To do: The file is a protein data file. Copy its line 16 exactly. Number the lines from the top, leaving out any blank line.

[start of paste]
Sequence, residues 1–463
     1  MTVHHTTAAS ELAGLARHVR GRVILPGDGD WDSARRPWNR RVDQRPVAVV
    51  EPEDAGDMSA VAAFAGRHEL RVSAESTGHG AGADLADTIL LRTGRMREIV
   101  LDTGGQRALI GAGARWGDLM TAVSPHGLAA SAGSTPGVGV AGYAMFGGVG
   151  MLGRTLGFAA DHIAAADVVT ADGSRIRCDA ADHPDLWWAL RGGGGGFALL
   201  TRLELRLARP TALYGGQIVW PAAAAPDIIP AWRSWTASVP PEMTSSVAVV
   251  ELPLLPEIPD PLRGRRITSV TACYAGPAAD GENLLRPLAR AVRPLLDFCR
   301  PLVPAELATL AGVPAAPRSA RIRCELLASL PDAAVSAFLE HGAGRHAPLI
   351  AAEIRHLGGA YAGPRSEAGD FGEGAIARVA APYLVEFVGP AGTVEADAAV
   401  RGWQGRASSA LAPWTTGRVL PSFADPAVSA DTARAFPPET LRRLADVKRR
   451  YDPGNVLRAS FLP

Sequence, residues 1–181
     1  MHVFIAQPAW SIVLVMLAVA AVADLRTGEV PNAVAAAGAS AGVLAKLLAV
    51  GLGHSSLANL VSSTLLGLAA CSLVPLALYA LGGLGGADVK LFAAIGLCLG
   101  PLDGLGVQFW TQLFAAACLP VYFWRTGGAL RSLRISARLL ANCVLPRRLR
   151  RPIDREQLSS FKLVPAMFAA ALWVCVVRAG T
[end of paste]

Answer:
   151  RPIDREQLSS FKLVPAMFAA ALWVCVVRAG T